BRANCHED CHAIN FATTY ACIDS (BCFA) IN NATURE: FISH, FERMENTED FOODS, AND SEA LION VERNIX CASEOSA

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Abstract

Branched chain fatty acids (BCFA) are major components of the western food supply, constituting 500 mg per day mean intake in Americans mainly from dairy, beef, and other ruminant products, and a major component of the first solid meal of human fetuses. We sought to establish the degree to which fish and fermented foods may contain BCFA, and to investigate anecdotal reports of BCFA-rich vernix caseosa in sea lions. Twenty-seven wild fishes collected from fresh waters in the northeastern United States were analyzed. BCFA was only 1% ± 0.5% (mean ± SD) of total fatty acids, contributing only a small amount of BCFA per serving to the diet. Surprisingly, one serving of these fishes contributes much higher amounts of EPA + DHA than generally appreciated (107 mg to 558 mg). This study also revealed that odd chain fatty acids are associated with fish and that the ratio of high 15:0 to 17:0 is indicative of a fish origin whereas the reverse is known for dairy, suggesting a possible biomarker. Though dairy is much less commonly consumed in Asian than in Western countries, a recent study reported similar BCFA in breast milk collected from Asian and American mothers. Numerous well known fermented Asian foods were acquired and tested to determine if they accumulate BCFA during fermentation. Fermented soy known as nātto and fermented shrimp paste had high BCFA as a percent of fatty acids, 1.71±0.17% and 3.18 ± 0.14% BCFA, respectively. The major BCFA in nātto are iso-14:0, iso-15:0, anteiso-15:0, iso-16:0, iso-17:0 and anteiso-17:0, substantially recapitulating the BCFA profile of fluid milk. Consuming one typical serving (90 g) of nātto provides 117 mg of BCFA while the shrimp paste, used more as a flavoring agent, had 8.8 mg BCFA per serving (16g). Nātto and shrimp paste are the first fermented foods identified with BCFA approaching or exceeding that of milkfat (2.0% BCFA). Vernix caseosa, rich in BCFA, is the richest BCFA source known to be a nutritional source for humans, but is unknown in any other species. Analysis of GI tract contents of newborn California sea lions (CSL) show high levels of BCFA and squalene. CSL are thus the second species apart from humans now known to biosynthesize vernix in late gestation, delivering BCFA and squalene to the fetal GI tract. These data are further evidence for the importance of BCFA as likely modifiers of microbiota and GI metabolism.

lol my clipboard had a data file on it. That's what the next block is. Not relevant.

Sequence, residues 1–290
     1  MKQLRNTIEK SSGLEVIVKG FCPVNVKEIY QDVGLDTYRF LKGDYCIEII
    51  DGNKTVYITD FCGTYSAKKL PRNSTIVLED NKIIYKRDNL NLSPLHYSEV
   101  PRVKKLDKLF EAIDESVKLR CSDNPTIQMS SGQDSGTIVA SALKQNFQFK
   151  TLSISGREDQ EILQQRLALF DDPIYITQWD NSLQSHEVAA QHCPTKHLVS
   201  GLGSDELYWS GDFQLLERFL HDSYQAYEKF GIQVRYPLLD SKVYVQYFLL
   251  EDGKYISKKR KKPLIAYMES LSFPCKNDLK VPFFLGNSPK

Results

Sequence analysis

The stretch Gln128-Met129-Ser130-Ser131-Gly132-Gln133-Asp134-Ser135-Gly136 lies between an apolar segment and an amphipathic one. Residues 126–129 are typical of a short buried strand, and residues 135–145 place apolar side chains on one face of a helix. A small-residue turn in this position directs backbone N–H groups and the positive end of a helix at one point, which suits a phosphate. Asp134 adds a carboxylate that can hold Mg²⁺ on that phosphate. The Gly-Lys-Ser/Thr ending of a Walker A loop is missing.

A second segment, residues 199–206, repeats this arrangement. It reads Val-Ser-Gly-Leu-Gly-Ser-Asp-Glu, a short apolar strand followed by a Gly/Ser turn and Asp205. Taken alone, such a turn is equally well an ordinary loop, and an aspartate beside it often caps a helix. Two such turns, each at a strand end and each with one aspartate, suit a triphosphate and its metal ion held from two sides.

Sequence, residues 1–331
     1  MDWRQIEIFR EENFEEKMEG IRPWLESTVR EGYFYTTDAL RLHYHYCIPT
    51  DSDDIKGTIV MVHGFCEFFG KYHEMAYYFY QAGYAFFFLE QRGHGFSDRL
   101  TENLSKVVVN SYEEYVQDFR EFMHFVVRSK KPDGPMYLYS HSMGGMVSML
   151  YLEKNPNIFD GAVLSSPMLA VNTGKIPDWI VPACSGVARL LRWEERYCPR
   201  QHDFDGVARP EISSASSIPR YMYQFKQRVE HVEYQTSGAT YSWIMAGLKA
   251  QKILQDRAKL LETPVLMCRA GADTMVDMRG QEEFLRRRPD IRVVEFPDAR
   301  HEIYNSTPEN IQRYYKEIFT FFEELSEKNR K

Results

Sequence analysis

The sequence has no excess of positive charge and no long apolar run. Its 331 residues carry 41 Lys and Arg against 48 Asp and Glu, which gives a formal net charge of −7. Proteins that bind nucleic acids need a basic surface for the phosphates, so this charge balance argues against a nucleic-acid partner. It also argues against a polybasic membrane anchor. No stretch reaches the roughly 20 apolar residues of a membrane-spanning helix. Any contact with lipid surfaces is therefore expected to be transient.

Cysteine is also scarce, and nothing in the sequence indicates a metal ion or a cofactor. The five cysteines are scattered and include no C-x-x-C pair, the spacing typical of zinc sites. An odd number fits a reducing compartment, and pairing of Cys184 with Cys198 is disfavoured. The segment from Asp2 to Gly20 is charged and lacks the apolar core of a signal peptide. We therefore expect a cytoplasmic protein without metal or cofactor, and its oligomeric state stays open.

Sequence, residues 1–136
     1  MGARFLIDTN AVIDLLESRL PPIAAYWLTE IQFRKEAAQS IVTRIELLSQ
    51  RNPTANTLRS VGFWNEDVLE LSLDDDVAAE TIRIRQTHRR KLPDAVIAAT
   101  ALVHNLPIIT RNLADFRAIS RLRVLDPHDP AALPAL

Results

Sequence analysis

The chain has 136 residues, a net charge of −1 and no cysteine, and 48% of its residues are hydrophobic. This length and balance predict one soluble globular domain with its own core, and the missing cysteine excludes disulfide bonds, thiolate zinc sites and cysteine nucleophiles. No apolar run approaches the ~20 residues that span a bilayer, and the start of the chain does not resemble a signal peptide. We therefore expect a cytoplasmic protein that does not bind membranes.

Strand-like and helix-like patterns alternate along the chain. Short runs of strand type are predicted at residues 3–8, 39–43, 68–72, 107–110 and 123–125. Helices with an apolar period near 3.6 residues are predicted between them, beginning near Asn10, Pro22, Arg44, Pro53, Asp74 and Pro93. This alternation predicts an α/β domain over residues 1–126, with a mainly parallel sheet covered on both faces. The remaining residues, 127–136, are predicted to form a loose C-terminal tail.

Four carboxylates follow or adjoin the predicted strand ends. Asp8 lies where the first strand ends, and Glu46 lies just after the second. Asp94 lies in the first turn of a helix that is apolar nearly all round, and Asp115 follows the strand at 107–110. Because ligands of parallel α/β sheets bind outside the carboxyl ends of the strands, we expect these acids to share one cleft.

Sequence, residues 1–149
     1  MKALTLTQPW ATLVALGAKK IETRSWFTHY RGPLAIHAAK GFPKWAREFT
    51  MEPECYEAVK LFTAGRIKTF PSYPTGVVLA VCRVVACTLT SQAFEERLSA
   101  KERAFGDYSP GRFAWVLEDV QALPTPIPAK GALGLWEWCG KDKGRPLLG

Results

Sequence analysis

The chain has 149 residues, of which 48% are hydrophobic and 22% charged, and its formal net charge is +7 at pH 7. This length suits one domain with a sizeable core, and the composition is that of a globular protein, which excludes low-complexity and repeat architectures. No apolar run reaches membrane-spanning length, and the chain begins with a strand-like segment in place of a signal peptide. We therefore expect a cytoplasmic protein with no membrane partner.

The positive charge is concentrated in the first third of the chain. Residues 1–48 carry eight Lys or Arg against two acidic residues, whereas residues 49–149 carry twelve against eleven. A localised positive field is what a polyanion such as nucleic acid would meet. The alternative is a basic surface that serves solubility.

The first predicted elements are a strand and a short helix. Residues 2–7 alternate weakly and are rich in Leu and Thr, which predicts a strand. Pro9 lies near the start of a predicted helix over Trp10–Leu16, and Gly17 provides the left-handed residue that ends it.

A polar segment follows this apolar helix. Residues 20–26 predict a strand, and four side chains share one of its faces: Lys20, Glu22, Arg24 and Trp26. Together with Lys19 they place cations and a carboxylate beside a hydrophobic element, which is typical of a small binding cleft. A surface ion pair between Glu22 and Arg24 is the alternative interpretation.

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2017-08-30
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Food science; Nutrition; Asian fermented foods; Branched chain fatty acids; Sea lions; vernix caseosa; Fish
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Brenna, James Thomas
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Barbano, David Mark
McCormick, Charles Chipley W
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Food Science and Technology
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Ph. D., Food Science and Technology
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Doctor of Philosophy
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dissertation or thesis
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